The building was restored in the late 1970s, and has been on the National Register of Historic Places since 1978.
Sight description based on Wikipedia.
Thornburg Village (Normandy Village)

10) Thornburg Village (Normandy Village)

Thornberg Village, also known as Normandy Village, is a residential neighborhood at Spruce Street and Hearst Avenue. The village was the brainchild of Jack Wood Thornburg. The 25-year old had already constructed a number of buildings in the area in storybook style. His next venture was to create a self-contained neighborhood using French-Norman, Scandinavian and Mediterranean influences.

The goal was to build an area that consisted of homes, shops and restaurants, all with the old-world style of brick and stone facades, steep gables, tower rooms and turrets. Unfortunately for Thornburg, zoning prevented him from achieving the commercial goals he desired. Instead, each of the units became residential spots where locals have continuously owned and rented room since the area was completed in 1927.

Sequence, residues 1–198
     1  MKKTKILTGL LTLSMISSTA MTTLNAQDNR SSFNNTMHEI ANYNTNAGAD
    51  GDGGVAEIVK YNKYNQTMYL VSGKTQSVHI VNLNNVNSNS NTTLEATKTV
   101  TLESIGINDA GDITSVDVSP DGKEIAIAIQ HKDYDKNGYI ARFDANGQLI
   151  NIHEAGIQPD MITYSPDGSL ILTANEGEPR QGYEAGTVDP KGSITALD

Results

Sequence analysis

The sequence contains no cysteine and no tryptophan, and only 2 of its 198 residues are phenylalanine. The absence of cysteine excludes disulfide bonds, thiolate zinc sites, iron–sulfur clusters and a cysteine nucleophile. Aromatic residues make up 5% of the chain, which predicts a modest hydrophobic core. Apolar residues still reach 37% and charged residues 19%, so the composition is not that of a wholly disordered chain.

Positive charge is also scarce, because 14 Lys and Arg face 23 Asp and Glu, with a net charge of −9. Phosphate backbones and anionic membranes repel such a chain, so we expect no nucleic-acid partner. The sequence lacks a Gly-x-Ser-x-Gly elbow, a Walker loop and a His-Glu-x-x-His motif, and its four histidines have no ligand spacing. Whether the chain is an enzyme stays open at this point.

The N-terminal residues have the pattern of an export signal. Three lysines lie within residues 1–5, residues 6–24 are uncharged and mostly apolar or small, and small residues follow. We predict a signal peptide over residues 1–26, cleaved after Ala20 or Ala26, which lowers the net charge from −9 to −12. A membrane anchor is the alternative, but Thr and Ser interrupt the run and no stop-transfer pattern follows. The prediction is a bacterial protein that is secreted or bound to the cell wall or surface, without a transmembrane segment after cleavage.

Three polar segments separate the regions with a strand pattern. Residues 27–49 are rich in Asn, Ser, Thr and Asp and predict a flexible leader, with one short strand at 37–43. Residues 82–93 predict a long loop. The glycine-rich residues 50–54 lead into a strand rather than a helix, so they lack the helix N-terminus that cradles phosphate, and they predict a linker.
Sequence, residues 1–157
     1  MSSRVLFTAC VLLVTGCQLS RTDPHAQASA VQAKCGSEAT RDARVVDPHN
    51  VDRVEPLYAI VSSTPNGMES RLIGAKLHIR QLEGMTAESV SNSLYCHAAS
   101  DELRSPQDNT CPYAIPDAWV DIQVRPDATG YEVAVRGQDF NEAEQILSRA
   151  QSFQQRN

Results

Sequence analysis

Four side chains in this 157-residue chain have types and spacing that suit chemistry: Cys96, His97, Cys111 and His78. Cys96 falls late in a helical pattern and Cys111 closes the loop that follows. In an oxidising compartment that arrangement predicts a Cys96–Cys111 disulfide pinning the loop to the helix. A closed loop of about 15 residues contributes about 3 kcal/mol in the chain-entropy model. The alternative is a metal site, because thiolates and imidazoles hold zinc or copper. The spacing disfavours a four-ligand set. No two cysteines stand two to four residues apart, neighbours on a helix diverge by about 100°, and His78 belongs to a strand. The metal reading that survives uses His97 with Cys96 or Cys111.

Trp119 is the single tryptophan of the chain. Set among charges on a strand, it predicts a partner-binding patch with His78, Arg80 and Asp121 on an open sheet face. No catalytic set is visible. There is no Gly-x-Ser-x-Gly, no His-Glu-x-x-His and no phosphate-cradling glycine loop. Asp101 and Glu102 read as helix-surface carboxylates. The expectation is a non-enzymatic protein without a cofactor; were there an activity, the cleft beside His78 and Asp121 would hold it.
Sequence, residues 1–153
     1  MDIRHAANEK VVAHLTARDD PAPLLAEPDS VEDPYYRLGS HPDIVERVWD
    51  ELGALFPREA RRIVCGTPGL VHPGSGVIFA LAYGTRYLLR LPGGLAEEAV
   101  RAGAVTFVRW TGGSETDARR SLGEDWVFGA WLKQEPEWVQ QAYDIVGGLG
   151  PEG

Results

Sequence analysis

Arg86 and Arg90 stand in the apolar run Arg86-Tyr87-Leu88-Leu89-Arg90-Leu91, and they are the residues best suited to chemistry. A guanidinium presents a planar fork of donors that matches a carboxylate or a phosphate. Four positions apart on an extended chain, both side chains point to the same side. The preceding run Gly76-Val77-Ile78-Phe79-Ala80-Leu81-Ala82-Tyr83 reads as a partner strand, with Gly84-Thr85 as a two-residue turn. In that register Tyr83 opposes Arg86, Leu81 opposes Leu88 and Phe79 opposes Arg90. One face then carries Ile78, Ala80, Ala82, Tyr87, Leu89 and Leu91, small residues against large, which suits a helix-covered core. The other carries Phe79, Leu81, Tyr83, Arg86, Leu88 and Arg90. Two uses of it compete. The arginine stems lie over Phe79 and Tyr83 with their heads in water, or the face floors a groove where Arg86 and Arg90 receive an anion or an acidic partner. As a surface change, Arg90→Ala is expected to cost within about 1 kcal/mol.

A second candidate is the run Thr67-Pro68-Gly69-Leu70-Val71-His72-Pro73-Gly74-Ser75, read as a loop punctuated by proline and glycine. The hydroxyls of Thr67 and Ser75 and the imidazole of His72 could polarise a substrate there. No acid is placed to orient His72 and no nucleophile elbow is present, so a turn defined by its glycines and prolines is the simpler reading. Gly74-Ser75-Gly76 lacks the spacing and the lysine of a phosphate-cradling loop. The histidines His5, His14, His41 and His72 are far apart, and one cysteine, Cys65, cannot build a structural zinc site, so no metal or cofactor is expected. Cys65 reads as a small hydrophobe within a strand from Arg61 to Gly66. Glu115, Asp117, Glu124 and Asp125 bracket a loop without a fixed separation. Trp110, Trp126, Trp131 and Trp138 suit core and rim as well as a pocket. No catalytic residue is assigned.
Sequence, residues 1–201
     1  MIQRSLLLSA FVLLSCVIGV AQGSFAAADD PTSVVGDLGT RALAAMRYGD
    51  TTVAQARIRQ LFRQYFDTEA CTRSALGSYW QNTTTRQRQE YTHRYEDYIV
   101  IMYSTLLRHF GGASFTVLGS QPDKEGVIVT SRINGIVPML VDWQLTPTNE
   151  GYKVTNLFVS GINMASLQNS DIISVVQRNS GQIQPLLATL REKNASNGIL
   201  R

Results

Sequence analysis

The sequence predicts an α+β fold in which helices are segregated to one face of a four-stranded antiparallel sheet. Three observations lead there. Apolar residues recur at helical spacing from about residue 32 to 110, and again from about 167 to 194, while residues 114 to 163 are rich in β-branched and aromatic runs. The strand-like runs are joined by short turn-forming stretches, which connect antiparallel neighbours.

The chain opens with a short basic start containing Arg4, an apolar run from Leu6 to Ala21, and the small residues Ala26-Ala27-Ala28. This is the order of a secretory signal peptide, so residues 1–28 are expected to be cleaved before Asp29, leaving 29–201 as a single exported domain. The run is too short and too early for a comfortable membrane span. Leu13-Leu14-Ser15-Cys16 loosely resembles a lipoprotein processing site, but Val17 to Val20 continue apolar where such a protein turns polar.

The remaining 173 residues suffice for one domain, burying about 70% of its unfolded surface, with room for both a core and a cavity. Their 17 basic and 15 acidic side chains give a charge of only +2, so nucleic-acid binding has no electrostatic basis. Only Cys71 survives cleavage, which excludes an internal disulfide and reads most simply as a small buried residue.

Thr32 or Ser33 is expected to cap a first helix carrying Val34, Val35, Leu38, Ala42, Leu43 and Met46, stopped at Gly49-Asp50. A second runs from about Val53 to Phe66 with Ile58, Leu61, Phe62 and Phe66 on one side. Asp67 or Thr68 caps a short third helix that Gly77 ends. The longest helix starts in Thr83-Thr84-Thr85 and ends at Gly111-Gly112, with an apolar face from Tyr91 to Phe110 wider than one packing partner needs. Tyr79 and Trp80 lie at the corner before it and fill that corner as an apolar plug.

Tourists can walk through Thornburg Village to see homes that appear as though they have transported themselves directly from the pages of a European storybook. The interiors cannot be viewed by the public as they are private homes, but it is easy to imagine the stone walls, oak floors and beamed ceilings that are held within.

Not all of Thornburg Village is original. The area was expanded once in 1928 and again in 1955. There are now parking structures for the residents, but these are hidden from street view so as not to distract from the overall appearance.

Thornburg Village was declared a Berkeley Historical Landmark in 1983.

Why You Should Visit:
- To take a step into old-world Europe without leaving the United States
- To admire residential areas that are nearly a century old

These private homes are currently occupied. Therefore, visitors should make sure they are respectful of the property during their visit.
Cloyne Court Hotel

11) Cloyne Court Hotel